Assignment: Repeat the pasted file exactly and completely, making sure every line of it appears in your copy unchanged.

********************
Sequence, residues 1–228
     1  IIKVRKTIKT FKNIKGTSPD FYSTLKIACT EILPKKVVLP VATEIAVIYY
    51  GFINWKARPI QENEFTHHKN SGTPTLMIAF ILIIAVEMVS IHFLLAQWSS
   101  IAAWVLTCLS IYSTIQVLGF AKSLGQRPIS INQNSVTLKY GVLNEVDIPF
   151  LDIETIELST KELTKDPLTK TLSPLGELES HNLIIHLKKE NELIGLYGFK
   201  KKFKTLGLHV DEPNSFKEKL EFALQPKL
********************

Sequence, residues 1–228
     1  IIKVRKTIKT FKNIKGTSPD FYSTLKIACT EILPKKVVLP VATEIAVIYY
    51  GFINWKARPI QENEFTHHKN SGTPTLMIAF ILIIAVEMVS IHFLLAQWSS
   101  IAAWVLTCLS IYSTIQVLGF AKSLGQRPIS INQNSVTLKY GVLNEVDIPF
   151  LDIETIELST KELTKDPLTK TLSPLGELES HNLIIHLKKE NELIGLYGFK
   201  KKFKTLGLHV DEPNSFKEKL EFALQPKL